Why the 1600 cut off date?

On Feb 27, 2006, at 5:55 AM, Elise Kingston wrote:

>> I'm kind of curious at the history (of the Society) and as to why the 16th century was included.

As the lore has come down to me, the 1600 cut-off arose because one of the original members liked wearing a Scottish kilt and it was commonly believed at the time that the earliest date at which the kilt appeared was ca. 1600. Now, as it happens, while the earliest date at which the belted plaid can be dated is very roughly ca. 1600, that early SCA member mistakenly believed that it was the modern-style small kilt that could be dated back to 1600.

So ... if this version of events is to be believed (and I heard it from people who were there), the date was not only chosen to cater to a single person's sartorial preferences, but it was chosen based on an entirely erroneous assumption about the history of the garment in question.

You can't get much more Scadian than that.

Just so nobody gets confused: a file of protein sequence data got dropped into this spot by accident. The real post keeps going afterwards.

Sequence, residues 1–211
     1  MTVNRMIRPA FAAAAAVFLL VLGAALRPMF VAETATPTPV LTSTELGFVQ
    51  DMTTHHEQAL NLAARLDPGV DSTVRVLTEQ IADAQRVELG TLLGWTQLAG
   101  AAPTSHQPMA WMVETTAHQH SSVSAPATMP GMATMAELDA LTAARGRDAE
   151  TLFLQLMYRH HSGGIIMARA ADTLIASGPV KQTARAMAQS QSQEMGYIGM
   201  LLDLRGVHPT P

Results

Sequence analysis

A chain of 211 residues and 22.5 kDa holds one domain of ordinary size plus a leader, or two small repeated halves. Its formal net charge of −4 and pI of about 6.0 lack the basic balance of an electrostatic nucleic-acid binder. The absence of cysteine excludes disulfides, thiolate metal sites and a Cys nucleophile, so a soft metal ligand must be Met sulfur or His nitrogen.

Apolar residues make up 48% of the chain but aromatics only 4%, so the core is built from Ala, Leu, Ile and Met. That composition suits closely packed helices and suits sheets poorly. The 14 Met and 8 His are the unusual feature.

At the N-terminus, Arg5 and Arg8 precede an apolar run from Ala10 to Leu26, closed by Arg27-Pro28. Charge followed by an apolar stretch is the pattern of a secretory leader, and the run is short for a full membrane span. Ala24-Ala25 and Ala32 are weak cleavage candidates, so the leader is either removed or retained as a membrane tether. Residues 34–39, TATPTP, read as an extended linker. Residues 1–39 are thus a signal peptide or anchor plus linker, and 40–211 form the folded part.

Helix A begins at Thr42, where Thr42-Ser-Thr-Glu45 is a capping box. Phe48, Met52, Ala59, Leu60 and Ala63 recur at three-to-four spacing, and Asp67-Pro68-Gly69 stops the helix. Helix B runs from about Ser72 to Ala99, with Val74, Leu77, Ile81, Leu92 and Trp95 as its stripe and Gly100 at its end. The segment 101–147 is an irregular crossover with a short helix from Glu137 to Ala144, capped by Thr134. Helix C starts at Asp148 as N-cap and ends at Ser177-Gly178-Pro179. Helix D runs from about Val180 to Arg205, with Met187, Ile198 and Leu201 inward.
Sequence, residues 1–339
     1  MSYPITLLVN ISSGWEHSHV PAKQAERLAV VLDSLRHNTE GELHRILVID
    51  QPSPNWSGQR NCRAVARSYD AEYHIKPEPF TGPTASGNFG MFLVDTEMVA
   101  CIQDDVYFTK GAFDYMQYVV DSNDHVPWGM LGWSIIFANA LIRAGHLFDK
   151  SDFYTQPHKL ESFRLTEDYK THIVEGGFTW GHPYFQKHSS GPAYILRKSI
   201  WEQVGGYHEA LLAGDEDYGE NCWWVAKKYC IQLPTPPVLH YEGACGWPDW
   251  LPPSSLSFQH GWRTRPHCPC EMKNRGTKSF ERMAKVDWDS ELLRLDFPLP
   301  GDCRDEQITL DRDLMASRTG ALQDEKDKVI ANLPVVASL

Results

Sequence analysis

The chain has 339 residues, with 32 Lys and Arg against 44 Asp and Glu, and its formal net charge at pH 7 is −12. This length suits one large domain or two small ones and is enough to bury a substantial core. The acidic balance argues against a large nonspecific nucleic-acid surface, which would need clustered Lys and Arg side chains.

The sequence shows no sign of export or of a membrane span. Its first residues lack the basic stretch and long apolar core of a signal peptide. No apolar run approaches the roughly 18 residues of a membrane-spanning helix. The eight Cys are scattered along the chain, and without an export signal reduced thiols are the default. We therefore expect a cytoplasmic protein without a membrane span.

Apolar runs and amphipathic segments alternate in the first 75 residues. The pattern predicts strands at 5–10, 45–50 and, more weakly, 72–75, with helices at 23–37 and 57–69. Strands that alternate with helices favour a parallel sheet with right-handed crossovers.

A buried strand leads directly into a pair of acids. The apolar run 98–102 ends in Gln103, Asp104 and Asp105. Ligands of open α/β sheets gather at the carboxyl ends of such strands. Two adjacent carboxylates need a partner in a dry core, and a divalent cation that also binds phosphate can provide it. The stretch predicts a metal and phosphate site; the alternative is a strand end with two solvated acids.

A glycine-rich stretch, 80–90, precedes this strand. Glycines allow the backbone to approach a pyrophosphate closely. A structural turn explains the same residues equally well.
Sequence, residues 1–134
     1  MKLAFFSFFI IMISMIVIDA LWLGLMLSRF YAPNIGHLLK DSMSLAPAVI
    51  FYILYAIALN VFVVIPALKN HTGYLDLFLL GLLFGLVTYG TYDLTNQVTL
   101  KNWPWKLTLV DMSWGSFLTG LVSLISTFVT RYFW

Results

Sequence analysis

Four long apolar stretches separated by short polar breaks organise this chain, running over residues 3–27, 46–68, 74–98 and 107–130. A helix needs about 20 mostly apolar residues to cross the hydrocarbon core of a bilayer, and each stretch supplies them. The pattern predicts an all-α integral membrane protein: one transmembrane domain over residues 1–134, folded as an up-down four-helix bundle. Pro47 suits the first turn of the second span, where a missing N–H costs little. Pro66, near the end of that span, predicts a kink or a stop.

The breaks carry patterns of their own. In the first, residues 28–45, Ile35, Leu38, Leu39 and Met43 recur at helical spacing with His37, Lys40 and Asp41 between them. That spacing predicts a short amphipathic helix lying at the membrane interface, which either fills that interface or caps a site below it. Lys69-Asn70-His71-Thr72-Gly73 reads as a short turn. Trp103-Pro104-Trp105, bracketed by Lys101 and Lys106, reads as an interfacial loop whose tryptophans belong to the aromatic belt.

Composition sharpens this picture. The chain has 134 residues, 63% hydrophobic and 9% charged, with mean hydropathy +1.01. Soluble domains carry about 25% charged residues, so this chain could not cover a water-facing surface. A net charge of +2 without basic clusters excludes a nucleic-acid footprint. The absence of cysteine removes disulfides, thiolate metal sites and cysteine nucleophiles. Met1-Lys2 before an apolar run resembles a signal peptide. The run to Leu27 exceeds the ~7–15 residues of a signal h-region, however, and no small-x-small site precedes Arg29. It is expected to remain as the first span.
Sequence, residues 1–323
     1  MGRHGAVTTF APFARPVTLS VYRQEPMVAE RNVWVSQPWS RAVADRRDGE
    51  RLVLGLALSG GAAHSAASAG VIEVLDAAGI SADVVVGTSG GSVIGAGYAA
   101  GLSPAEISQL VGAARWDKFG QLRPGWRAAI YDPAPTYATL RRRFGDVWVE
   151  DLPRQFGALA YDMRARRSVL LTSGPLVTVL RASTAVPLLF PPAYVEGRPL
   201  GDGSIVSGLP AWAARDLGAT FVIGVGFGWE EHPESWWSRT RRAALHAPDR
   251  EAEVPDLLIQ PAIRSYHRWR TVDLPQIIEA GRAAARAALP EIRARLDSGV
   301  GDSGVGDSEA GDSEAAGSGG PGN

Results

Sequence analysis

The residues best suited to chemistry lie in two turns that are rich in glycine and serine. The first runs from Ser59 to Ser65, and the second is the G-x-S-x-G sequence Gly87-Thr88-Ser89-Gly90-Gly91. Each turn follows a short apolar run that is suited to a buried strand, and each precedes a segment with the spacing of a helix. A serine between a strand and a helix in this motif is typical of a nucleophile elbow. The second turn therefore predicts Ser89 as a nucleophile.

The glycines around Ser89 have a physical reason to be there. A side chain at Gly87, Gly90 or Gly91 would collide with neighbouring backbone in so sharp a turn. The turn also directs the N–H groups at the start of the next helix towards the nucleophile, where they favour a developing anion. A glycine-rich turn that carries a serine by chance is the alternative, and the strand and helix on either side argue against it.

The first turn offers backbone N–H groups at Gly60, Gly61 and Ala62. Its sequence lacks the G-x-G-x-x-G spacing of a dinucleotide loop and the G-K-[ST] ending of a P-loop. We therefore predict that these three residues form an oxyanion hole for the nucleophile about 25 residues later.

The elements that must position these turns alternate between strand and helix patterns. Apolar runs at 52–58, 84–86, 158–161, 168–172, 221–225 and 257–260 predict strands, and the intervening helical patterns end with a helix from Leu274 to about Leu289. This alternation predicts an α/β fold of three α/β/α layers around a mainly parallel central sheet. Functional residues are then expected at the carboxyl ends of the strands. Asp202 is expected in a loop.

Another interpretation:

The sixteen century had modern things like printed literature, handguns, naval warfare, "America" printed on the maps, Protestantism, chocolate, and the contemporary self-evaluation that they were living after the Renaissance - and by extension therefore, after the end of the medieval period.

~ Wencenedl ~

NOTE: Chocolate

As I recall being told by many sources, chocolate was declared to be period by a member of the Royals early on in the formation of the SCA. It would them seem that those whose knowledge of the time frames of food becoming common throughout the "western European culture" would make sure that they did not conflict with the law of the SCA as given by a Queen. One could lose their head, be banished, or be told to take their toys and go home if they did not comply with the Royals wishes - the same as today.

So the cutoff of "period" occurring with the "discovery" of chocolate would seem to be a reasonable lifesaving definition of SCA time frames. Therefore we could define the time under research by the SCA as "from the discovery of chocolate back for a millennium of those living without chocolate, and the activities they did instead of enjoying chocolates such as but not limited to, tournaments, jousts, fairs, dances, classes, et cetera; to acquire authentic or reproduced replicas of chattels representative of said era; and to collect a library of information related to that timeframe."

Baron Áindle ÓDiarmada